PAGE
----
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Last Updated on May 8, 2023


HPV Bumps On the Tongue: Human papillomavirus (HPV) is the most common sexually transmitted disease in the United States. About 80% of women may get HPV at least once in their lifetime while other estimates suggest almost all women get it. In contrast, the Centers for Disease Control and Prevention (CDC) estimates that all American adults contract HPV at least once during their lifetime. The majority of people will spontaneously eliminate the virus and have no idea they were exposed to the virus. Sexual partners who have been together for a long time are more likely to spread HPV to each other.

Mostly, after growth, they stick around for months or may even take several years to resolve! One should not ignore HPV bumps on the back of the tongue especially if they persist for more than 6 month time (as it may be a sign of oral cancer). Continue reading this blog to find out more about HPV bumps on the back of the tongue and HPV.

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What do HPV Bumps on the Tongue Look Like?

HPV causes small, white, beige, or brown-colored skin growths that can appear on all body surfaces, especially on the moist mucous membranes near the mouth, anus, and genitals. HPV bumps on the back of the tongue may look like a raised fluid-filled structure.

Since HPV bumps on the back of the tongue are contagious, they may spread from person to person. This makes them a common occurrence in the oral cavity and as a result, about 80 million people in the United States have HPV bumps on the tongue.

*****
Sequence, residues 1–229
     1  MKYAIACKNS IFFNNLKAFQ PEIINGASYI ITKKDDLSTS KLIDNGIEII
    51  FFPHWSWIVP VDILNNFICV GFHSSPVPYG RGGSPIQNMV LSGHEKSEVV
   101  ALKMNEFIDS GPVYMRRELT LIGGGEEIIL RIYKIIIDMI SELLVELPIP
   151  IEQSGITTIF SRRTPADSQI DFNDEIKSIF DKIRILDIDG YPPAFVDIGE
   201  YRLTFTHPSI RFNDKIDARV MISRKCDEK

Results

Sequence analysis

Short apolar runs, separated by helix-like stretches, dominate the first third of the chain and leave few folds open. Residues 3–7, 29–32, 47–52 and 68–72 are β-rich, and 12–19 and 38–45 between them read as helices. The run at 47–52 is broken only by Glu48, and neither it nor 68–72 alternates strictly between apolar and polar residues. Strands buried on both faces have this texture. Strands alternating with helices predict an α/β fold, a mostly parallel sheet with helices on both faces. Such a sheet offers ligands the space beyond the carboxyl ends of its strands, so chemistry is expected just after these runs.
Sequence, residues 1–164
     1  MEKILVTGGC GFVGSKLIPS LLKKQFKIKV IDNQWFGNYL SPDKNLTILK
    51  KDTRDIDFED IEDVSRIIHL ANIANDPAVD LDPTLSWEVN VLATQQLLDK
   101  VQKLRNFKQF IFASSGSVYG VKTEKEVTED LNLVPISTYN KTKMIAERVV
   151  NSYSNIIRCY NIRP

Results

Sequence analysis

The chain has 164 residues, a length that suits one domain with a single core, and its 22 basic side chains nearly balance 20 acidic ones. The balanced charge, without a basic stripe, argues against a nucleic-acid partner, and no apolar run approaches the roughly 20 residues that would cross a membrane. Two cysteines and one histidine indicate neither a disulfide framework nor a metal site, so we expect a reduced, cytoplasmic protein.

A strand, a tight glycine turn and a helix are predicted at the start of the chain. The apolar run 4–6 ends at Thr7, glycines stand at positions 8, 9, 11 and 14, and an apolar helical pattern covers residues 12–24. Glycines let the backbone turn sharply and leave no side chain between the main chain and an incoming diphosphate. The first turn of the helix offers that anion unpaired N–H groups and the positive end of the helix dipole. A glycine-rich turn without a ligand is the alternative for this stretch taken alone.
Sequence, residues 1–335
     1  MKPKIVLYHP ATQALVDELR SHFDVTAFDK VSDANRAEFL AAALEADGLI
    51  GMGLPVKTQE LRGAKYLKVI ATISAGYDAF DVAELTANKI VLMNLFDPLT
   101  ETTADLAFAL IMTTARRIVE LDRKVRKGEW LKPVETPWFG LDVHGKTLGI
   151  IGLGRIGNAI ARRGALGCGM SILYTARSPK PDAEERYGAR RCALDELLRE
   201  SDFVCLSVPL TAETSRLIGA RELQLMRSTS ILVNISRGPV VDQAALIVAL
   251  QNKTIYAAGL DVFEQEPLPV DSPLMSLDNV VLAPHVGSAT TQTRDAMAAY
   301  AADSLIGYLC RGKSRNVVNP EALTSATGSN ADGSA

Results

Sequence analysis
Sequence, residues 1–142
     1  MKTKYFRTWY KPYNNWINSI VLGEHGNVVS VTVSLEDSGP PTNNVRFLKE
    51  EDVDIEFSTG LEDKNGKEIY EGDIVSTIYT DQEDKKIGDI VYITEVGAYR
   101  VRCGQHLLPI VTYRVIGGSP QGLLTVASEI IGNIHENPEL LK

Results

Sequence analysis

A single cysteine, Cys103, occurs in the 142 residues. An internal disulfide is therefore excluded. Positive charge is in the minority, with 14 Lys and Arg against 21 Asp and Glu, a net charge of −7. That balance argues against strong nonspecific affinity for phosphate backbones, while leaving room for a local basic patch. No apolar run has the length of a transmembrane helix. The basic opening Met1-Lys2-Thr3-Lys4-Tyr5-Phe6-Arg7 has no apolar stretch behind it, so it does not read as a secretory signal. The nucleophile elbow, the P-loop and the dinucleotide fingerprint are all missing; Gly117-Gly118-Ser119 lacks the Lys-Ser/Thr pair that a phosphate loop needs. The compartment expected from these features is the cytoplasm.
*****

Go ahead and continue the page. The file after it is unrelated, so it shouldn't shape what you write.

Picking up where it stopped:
Causes HPV Bumps On the Tongue

More than 150 types of HPV infections can cause warts or HPV bumps. These can be transmitted in multiple ways:

  • If your partner has genital warts, engaging in oral sexual activities may cause HPV bumps on the back of the tongue. It is also possible to contract warts if you engage in open-mouth kissing.
  • Warts are transmissible upon touching an active site through hands. If one feels a wart and then touches the mouth, HPV bumps on the back of the tongue can quickly develop.
  • The more sexual partners one has, the more likely they are to develop these bumpy HPV bumps on the back of the tongue.
  • A weakened immune system.
  • A break in the skin or mucous membrane continuity.
  • Smoking can cause cuts and tears in the mouth increasing the chances of developing oral cancer.
  • Consuming excessive amounts of alcohol can cause HPV in men especially if combined with smoking.

Types of Oral Warts or HPV Bumps on the Tongue

Human papillomavirus can manifest in many ways. About 40 types of HPV can cause HPV bumps on the tongue. More common ones include:

  • Squamous Papilloma

The HPV strains 6 and 11 cause cauliflower-like lesions to grow. They will, however, resolve without medical intervention, although it might take years. Therefore, if someone discovers wart-like bumps within their mouth or on the tongue as a result of HPV, they should contact a healthcare professional. Aside from the tongue, this abnormal growth is a frequent occurrence on the tonsils, palate, gums, pharynx, epiglottis, and other areas.

  • Common Wart – Verruca Vulgaris

Common warts usually grow and spread from the hands because of HPV strain numbers 2 and 4. It typically appears in areas with a higher risk of damage and can develop on any skin portion or mucocutaneous surface.